# Does randomness really exist?

### 18 Oct 2021

Hugo Duminil Copin (UNIGE) will be givning a Public Talk by on 2nd November UNIGE at 18:30 in the framework of the Wright Colloquium "The Art of Maths"

*Attendance is on registration and presentation of the Covid certificate and ID. The conference will also be webcasted live. *

*The conference will be in French with simultaneous translation to English. *

*In the collective imagination, rolling die allows one to obtain an unpredictable result… But is this really true? *

*The movements of the hand and of the die follow the rules of classical physics, and the result of the roll can a priori be perfectly predicted. The unpredictable aspect seems to be due to a computational inability on the part of the observers rather than to an intrinsic randomness of the system. This realization is even more obvious when shuffling cards. Starting from a totally ordered game, it is possible to analyze the apparent disorder induced by shufflings of different qualities. *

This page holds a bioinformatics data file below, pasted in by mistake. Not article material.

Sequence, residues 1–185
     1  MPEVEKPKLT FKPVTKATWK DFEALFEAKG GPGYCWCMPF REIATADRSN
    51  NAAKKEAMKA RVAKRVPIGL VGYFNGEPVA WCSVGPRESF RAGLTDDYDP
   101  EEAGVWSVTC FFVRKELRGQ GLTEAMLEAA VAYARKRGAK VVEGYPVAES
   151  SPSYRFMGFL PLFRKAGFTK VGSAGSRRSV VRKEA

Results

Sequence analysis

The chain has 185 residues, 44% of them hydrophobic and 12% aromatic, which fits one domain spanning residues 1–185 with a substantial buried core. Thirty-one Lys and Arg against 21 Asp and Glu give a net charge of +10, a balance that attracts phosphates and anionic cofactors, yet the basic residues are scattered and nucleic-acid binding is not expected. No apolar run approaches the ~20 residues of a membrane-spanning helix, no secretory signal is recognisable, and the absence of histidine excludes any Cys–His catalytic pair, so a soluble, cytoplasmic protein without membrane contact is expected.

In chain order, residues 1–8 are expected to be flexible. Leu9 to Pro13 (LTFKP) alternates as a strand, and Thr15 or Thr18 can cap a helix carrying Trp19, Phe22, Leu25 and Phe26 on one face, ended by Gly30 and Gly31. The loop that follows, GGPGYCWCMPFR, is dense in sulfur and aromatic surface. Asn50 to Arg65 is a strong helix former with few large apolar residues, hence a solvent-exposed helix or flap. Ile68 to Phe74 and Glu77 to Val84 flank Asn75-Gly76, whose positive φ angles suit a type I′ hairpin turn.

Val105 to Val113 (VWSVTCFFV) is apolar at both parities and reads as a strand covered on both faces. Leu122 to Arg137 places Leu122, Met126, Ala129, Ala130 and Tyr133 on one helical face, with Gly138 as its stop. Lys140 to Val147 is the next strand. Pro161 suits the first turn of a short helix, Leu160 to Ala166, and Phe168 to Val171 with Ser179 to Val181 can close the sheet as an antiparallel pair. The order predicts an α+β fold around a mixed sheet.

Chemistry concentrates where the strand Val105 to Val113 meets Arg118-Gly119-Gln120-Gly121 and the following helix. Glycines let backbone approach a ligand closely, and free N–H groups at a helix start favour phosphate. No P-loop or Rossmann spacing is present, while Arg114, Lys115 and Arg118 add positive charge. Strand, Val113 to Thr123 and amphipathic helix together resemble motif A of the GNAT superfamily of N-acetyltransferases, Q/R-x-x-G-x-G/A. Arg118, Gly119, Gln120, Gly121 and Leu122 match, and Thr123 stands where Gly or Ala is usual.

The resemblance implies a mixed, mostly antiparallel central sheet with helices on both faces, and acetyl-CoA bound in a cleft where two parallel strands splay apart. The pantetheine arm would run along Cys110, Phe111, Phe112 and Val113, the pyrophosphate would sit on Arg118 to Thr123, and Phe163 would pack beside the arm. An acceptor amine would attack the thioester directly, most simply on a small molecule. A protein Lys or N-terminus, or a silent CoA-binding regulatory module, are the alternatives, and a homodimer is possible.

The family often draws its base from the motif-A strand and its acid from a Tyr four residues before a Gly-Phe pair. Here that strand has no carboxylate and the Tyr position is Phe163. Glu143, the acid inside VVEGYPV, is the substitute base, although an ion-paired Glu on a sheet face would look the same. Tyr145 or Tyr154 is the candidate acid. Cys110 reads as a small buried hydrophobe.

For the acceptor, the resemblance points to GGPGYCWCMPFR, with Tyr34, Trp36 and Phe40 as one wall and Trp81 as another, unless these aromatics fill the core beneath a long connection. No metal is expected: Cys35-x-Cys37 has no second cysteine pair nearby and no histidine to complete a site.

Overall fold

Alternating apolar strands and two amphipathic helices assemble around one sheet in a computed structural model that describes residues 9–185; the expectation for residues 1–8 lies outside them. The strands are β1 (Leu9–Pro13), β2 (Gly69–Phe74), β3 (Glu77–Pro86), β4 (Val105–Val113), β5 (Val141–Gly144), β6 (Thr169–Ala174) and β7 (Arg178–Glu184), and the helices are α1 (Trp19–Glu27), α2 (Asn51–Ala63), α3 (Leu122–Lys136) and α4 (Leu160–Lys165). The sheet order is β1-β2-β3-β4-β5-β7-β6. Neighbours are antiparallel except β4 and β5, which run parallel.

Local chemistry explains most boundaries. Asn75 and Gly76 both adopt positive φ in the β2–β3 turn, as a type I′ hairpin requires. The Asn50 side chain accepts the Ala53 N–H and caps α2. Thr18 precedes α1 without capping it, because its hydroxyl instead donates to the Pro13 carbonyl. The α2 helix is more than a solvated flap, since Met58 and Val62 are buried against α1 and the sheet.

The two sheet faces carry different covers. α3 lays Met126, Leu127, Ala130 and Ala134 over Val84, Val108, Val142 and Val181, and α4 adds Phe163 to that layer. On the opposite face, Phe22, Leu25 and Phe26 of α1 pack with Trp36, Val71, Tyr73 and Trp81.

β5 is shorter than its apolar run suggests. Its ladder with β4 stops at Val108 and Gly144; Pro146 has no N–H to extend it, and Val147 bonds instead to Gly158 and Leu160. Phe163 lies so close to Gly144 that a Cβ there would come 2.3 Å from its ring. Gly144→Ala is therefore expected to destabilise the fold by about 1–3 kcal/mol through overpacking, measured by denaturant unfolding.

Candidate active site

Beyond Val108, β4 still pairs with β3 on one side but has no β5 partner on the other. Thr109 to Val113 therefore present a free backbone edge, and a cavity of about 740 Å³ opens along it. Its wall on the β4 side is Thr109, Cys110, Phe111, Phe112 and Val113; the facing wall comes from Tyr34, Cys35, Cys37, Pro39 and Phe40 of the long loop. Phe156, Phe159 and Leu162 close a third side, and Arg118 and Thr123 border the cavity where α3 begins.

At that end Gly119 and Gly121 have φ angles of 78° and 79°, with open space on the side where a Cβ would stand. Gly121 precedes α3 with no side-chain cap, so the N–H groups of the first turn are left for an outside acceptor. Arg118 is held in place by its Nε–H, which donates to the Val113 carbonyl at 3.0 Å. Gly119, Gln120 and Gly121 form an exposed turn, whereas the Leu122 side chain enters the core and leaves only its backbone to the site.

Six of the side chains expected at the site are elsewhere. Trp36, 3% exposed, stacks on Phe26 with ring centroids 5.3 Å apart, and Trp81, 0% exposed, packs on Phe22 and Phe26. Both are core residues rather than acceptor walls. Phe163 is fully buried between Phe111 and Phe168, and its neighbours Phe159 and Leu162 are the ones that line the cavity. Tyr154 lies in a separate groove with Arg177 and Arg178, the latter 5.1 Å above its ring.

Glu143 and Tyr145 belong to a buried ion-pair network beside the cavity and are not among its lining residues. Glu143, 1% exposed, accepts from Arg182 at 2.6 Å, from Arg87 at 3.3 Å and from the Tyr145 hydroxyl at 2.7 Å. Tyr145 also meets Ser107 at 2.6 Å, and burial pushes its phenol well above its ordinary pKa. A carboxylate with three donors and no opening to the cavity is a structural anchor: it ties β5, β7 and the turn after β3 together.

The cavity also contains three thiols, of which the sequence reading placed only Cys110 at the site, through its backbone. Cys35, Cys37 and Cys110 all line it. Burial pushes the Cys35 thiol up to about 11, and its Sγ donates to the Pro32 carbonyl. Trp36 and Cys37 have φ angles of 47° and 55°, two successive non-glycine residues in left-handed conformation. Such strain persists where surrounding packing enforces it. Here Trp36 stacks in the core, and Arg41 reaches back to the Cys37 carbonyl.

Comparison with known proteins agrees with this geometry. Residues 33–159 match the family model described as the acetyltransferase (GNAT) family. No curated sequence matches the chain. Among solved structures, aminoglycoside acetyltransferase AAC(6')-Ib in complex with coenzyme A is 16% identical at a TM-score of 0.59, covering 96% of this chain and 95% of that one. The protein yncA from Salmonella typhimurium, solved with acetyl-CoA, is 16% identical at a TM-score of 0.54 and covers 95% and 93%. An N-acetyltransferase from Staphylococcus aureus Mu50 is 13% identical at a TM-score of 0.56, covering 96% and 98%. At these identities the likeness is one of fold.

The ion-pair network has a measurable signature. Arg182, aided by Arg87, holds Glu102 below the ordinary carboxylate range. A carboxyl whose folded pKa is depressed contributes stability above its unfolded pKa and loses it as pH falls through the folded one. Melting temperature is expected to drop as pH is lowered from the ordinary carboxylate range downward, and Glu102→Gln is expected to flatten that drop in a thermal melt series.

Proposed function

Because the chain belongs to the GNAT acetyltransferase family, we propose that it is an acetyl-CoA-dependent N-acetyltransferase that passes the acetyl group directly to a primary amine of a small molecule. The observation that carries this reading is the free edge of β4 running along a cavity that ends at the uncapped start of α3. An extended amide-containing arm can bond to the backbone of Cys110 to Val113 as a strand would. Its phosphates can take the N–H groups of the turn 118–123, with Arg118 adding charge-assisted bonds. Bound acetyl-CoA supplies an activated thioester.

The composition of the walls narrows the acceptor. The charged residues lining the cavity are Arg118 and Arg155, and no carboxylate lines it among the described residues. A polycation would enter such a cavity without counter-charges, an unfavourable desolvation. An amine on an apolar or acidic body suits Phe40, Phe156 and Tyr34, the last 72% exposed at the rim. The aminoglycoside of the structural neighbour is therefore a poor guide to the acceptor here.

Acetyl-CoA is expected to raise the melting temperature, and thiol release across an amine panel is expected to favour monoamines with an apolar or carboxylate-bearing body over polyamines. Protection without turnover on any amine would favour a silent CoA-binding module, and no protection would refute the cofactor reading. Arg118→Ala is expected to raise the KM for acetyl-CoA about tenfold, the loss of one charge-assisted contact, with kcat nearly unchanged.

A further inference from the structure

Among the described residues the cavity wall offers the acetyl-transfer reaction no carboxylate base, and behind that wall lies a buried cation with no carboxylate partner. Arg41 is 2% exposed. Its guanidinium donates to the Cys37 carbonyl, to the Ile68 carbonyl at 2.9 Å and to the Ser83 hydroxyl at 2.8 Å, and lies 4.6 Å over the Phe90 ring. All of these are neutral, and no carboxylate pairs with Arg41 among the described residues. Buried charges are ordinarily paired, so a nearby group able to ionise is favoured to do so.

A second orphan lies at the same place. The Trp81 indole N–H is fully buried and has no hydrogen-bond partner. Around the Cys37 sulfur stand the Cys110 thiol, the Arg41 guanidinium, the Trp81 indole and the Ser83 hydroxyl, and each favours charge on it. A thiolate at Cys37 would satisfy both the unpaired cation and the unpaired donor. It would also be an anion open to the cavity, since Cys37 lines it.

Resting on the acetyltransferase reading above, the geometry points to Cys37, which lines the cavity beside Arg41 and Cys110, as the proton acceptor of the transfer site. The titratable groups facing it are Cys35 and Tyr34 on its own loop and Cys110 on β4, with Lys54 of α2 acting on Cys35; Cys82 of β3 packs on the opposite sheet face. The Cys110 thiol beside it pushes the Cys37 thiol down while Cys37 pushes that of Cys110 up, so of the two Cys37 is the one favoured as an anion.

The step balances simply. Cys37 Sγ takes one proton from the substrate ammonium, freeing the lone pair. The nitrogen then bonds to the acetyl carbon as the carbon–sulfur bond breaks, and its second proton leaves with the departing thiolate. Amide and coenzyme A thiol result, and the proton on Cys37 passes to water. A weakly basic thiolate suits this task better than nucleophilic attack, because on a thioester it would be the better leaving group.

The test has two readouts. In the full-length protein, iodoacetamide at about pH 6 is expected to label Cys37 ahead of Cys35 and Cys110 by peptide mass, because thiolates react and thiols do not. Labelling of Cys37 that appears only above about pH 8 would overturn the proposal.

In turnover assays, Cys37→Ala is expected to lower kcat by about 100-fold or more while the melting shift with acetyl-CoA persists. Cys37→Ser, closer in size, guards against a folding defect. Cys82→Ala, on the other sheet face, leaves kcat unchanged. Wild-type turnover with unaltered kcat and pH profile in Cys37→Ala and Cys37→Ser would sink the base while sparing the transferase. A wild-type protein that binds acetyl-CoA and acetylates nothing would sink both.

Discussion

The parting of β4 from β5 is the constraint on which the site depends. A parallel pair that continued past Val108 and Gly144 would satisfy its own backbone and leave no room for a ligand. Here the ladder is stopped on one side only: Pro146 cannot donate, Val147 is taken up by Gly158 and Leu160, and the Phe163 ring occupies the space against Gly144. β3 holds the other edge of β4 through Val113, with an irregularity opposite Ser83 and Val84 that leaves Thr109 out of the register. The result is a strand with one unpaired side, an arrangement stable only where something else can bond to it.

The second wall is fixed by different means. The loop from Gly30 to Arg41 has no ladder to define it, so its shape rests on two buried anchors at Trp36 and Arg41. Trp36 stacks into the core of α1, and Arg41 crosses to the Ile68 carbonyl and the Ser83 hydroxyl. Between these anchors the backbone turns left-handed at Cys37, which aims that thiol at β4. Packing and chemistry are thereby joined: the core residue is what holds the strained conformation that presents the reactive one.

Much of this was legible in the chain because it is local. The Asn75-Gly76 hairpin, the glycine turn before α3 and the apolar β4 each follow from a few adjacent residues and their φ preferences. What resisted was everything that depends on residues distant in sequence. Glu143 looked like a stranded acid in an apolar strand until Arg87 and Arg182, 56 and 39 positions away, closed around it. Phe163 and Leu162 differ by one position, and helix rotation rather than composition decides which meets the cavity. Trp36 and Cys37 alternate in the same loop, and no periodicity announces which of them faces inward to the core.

*Through examples, we will see that some random events of everyday life are in fact perfectly deterministic, which leads us inexorably to question the very existence of chance. However, this doubt is only short-lived as the real chance is hidden elsewhere. In the infinitely small, where quantum physics replaces classical physics, the universe starts to play dice. The trajectory of an electron passing through a screen through a tiny hole cannot be predicted: two perfectly identical electrons entering the hole in exactly the same way will come out in different places. *

*Whether randomness is apparent, on a macroscopic scale, or real, on a microscopic one, it is essential to understand its fundamental laws in order to model it in the best possible way. This is where probability theory comes into play. *

*The lecture will be followed by a discussion, crossing mathematics and quantum physics knowledge, between Hugo Duminil Copin and Thierry Giamarchi. Professor Duminil Copin is a specialist in mathematical physics and probability theory, in particular in random graphs and ferromagnetism. Professor Thierry Giamarchi teaches physics at the University of Geneva. His research area is the study of the effects of interactions in quantum matter, as well as the effects of disorder in both classical and quantum systems.*